A final consideration in selecting a menstrual cup is firmness or flexibility. Certain brands are firmer than others, and the firmness of certain brands varies according to size. Some companies offer a range of firmness levels in their cups. A firmer cup pops open more easily after insertion and may hold a more consistent seal against the vaginal wall (preventing leaks), but many women find softer cups more comfortable.
Most menstrual cups come in colorless, translucent silicone. Several brands offer colored cups in addition to (or instead of) the colorless ones. Colored cups use a dye that is certified to be safe for food. Translucent cups lose their initial appearance faster than colored – they tend to get yellowish stains with use. The shade of a colored cup may change over time, though stains are often not as obvious on colored cups. Stains on any color of cup can often be removed or at least lightened by soaking the cup in diluted hydrogen peroxide and/or leaving it out in the sun for a few hours.
The menstrual cup is first folded, and then inserted into the vagina. It will normally unfold automatically and create a light seal against the vaginal walls. In some cases, the user may need to twist the cup or flex her vaginal muscles to ensure the cup is fully open. In most women, a menstrual cup will migrate upwards and sit against the cervix. If correctly inserted, the cup shouldn't leak or cause any discomfort, as with a tampon. Those who are familiar with inserting a non-applicator tampon should learn faster how to insert a cup, though there is still a learning curve. There are a number of different folding techniques that can be used for insertion. If lubrication is necessary for insertion, it should be water-based, as some lubricant ingredients can be damaging to the silicone.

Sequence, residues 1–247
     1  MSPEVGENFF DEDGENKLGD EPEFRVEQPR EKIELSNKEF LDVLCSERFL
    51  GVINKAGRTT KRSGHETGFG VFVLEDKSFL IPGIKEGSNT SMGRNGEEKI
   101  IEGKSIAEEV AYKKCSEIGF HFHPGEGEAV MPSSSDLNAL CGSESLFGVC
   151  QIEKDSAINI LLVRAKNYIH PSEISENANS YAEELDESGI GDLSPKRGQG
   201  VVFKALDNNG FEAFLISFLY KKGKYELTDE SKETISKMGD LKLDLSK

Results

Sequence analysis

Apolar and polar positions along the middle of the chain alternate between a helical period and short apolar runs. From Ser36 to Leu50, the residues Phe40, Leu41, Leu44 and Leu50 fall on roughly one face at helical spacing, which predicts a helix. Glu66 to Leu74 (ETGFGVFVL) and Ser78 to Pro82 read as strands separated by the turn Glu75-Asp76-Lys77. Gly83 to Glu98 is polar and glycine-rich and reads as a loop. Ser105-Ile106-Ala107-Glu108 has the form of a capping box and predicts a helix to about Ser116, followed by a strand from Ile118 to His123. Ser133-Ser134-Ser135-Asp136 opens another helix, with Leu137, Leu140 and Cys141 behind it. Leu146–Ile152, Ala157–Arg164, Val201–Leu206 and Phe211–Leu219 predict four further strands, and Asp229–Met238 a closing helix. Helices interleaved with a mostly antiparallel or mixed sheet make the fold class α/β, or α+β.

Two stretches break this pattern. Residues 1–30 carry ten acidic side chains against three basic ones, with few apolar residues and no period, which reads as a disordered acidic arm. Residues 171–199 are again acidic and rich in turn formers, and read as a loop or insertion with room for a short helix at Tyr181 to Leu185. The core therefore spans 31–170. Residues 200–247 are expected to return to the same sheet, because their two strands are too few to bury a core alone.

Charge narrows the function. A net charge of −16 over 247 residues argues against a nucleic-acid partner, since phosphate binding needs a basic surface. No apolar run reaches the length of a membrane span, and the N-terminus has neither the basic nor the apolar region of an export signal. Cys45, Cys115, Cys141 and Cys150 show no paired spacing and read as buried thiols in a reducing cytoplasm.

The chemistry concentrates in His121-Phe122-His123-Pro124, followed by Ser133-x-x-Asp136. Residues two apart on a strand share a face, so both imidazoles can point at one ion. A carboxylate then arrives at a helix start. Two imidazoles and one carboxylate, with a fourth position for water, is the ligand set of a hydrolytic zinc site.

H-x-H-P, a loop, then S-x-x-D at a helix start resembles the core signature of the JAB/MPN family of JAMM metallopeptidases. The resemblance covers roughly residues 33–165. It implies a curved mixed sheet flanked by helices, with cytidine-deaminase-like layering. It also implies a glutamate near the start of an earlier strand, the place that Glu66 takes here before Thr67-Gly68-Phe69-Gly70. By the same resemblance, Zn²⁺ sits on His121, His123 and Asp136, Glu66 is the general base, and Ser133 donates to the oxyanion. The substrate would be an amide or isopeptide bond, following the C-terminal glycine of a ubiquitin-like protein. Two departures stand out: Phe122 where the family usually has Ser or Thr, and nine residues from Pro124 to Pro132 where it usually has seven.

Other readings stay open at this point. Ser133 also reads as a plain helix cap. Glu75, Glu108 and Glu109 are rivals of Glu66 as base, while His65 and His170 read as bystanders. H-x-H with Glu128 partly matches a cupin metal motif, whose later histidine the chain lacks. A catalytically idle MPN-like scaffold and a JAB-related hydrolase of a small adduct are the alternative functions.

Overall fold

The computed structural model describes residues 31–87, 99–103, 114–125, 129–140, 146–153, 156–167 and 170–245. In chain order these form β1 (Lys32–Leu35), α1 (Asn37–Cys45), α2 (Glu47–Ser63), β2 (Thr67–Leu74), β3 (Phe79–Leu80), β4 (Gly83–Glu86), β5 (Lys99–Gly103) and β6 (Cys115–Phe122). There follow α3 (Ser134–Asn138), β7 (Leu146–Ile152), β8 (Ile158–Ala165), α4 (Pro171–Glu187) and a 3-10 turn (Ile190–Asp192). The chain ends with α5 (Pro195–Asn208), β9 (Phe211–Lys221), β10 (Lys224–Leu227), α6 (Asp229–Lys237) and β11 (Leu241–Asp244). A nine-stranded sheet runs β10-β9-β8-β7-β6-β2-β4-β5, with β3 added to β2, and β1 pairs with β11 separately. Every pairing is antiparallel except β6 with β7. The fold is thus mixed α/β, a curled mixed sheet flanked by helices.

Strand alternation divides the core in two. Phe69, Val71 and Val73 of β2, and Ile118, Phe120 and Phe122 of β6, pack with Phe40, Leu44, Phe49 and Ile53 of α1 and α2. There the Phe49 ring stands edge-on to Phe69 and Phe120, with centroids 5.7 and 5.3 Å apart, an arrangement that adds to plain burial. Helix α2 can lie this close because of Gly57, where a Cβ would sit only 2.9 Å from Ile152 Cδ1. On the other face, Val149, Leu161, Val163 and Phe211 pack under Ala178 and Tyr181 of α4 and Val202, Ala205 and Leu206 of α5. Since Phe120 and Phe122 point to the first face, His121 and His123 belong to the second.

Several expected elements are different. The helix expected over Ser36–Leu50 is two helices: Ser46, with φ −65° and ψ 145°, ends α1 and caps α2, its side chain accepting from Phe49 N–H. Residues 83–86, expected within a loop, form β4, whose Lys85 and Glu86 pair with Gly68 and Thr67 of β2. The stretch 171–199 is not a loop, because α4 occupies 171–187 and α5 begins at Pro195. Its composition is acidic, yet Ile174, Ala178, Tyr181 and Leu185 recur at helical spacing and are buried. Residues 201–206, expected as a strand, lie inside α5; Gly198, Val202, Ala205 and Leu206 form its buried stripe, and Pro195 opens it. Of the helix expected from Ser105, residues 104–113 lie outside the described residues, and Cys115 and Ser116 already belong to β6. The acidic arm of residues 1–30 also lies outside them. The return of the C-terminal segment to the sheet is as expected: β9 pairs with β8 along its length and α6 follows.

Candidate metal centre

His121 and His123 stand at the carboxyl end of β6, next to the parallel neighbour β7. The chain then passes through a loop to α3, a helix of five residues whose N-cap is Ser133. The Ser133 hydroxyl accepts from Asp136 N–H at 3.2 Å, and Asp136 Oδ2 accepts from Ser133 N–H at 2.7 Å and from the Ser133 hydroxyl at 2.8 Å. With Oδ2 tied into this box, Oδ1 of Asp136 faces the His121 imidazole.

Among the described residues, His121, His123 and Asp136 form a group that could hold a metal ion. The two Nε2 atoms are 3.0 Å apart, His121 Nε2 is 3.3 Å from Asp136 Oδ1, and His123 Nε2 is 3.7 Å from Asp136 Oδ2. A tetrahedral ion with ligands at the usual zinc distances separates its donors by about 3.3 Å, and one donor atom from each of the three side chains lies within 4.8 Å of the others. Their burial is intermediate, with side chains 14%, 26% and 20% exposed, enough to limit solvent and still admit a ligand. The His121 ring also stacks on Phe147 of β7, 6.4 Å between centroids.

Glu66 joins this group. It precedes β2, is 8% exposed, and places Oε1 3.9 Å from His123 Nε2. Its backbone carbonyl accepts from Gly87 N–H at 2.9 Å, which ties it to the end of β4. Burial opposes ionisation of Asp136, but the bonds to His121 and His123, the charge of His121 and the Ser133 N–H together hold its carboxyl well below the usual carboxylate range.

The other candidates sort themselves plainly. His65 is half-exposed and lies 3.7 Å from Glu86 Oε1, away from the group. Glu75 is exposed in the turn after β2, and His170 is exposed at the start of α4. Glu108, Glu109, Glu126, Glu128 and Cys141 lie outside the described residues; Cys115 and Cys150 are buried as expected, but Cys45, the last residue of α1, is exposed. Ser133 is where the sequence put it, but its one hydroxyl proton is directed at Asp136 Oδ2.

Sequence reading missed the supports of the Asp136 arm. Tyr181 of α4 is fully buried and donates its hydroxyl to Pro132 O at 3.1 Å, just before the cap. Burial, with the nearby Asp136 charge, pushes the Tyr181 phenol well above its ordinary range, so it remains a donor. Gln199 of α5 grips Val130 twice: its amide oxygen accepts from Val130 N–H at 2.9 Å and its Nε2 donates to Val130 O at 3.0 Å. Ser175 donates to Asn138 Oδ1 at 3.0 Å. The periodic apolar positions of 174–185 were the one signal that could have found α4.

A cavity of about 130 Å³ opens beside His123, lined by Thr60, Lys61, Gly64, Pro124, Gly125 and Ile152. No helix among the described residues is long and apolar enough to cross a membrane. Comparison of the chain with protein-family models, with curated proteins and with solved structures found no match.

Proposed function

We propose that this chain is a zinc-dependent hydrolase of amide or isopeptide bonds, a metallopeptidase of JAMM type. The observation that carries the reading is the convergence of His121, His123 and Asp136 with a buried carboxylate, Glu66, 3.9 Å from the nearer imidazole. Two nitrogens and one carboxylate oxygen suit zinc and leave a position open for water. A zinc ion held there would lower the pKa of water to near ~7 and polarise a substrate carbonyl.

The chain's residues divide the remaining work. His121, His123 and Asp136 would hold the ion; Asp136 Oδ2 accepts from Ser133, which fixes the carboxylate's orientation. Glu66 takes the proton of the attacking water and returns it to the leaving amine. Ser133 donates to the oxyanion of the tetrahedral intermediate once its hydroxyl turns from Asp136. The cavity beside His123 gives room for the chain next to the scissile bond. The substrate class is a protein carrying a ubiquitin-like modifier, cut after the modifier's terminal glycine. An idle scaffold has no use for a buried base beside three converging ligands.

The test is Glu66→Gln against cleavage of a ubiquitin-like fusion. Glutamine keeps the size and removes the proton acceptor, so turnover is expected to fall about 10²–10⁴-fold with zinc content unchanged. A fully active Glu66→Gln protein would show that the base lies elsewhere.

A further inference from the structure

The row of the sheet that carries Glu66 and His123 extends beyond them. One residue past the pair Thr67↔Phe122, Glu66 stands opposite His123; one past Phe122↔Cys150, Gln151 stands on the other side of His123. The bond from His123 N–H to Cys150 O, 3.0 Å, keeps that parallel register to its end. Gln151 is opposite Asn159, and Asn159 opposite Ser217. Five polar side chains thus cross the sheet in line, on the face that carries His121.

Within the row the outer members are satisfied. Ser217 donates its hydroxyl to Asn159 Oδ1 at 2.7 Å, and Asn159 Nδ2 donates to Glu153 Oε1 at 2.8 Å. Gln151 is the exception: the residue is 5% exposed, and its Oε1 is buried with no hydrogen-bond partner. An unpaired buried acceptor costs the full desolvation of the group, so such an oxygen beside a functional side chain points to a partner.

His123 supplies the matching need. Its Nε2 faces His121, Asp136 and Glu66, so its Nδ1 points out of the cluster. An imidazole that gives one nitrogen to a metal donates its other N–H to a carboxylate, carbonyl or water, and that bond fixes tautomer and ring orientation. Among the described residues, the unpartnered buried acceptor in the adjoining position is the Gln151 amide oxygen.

After about 4-12 hours of use (depending on the amount of flow), the cup is removed by reaching up to the stem of the cup in order to find the base. Simply pulling on the stem is not recommended to remove the cup, as pulling it down will create suction. The base of the cup is pinched to release the seal, and the cup is removed. After emptying, the cup should be rinsed or wiped and reinserted. It can be washed with a mild soap, and sterilized in boiling water for a few minutes at the end of the cycle. Alternatively, sterilizing solutions (usually developed for baby bottles and breast pump equipment) may be used to soak the cup.
Menstrual cups are safe when used as directed and no health risks related to their use have been found. However, no medical research was conducted to ensure that menstrual cups were safe prior to introduction on the market.